This usually isn't a problem with USP (United States Procured) cooking ingredients, but controls aren't so stringent in other markets...Billy from Idaho can order paprika for a great price online, and he's quite happy with the first dish of Chicken Paprikash that he's made with his online purchase. A couple of weeks later, he assembles all the ingredients needed to make Tex-Mex crispy Tacos, and starts to cook. He's happily adding all the ingredients when, upon adding a healthy dose of Hungarian paprika, he notices that the ingredient...is MOVING; there are WEEVILS or BEETLES in his spice! Everything is ruined! (actually, insects are a healthy source of protein, but gourmands generally frown upon that sort of thing!)
I have noticed a similar problem with bay leaves, thyme, and other whole-grain spices (some powders included). If it smells good, it's a good bet that there are insects that happily agree, much to your pantry's detriment.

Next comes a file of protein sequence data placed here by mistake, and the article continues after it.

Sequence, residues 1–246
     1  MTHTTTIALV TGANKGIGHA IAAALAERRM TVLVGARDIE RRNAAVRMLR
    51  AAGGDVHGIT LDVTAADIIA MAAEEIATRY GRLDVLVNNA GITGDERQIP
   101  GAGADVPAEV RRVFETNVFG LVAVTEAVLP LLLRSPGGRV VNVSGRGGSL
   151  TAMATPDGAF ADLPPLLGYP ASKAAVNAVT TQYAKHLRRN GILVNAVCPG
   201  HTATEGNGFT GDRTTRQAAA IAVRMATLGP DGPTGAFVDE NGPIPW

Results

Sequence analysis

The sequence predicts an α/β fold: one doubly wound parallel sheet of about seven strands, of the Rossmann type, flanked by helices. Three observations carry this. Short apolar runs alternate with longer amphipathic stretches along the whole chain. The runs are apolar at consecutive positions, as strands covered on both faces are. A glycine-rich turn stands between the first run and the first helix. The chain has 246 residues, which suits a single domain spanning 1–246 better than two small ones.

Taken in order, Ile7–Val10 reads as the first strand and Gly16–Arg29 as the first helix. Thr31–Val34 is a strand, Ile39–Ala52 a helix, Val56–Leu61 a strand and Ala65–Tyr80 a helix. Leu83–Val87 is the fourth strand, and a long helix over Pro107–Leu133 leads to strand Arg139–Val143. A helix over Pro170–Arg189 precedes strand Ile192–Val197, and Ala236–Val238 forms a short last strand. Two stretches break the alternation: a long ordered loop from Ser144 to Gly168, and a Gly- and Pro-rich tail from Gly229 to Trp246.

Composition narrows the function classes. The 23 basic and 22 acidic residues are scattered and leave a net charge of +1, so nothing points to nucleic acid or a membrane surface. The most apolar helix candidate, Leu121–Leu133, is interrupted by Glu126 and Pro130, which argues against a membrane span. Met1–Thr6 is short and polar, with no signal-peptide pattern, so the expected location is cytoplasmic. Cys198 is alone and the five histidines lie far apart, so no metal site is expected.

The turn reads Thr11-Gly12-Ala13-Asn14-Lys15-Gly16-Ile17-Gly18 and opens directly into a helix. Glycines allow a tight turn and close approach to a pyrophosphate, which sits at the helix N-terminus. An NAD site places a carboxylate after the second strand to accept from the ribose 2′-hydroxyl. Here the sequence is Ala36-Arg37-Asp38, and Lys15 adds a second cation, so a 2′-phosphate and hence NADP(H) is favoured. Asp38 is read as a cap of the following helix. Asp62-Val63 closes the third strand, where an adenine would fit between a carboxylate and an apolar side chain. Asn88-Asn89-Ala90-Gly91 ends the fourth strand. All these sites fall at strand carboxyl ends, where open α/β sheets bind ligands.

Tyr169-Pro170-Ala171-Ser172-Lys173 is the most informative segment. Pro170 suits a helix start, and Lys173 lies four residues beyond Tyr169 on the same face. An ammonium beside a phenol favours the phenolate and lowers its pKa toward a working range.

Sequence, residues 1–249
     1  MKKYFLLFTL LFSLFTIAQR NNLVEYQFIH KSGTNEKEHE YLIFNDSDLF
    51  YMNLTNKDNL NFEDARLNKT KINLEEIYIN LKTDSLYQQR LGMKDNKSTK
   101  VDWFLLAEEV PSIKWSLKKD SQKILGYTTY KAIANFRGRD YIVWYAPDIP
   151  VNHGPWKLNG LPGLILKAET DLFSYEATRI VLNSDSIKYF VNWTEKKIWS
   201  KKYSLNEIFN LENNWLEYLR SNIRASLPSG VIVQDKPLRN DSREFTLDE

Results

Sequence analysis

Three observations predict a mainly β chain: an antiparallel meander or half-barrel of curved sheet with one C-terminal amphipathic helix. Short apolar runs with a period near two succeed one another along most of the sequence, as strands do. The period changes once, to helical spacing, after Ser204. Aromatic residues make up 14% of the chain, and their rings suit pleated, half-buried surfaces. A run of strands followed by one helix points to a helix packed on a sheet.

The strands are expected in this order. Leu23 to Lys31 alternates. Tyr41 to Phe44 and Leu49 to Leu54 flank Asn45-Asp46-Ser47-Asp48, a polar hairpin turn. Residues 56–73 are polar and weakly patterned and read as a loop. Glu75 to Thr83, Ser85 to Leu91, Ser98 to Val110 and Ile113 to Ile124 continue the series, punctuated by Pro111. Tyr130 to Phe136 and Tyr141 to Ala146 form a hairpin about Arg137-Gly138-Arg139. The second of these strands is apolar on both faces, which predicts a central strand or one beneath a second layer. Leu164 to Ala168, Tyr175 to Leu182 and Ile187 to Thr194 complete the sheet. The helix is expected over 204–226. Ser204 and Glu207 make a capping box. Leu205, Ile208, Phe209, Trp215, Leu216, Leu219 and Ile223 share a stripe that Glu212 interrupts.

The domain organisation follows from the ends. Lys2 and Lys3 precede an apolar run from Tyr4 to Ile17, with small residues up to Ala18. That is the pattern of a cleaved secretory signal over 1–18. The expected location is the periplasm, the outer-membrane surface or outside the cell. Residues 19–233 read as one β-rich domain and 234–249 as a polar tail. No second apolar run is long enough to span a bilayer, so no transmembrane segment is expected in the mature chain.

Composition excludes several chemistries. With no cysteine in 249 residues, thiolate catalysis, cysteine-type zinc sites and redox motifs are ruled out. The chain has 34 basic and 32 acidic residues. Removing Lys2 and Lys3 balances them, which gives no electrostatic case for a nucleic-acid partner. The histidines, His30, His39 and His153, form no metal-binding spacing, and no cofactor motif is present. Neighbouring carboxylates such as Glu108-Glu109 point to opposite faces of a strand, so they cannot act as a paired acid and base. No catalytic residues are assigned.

Paprika, Cayenne Pepper, Cumin («Comino» para nos cosineros Latinos), Thyme, Oregano, Rosemary, and other fragrant and flavorful spices attract various insects that may prey upon your seasonings. Here's something that may be a big help: Place all of such newly-purchased spices in a freezer for four days; that will kill any eggs or larvae that may be present (Try not to think about it!). If you routinely practice good kitchen hygiene and cleanliness—and closely examine all new ingredients before purchase—you should not have a problem thereafter.
Happy insect-free cooking!
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by Amy Schulman | Calum Franklin is a wizard with pies. The self-proclaimed pastry deviant knows how to weave together...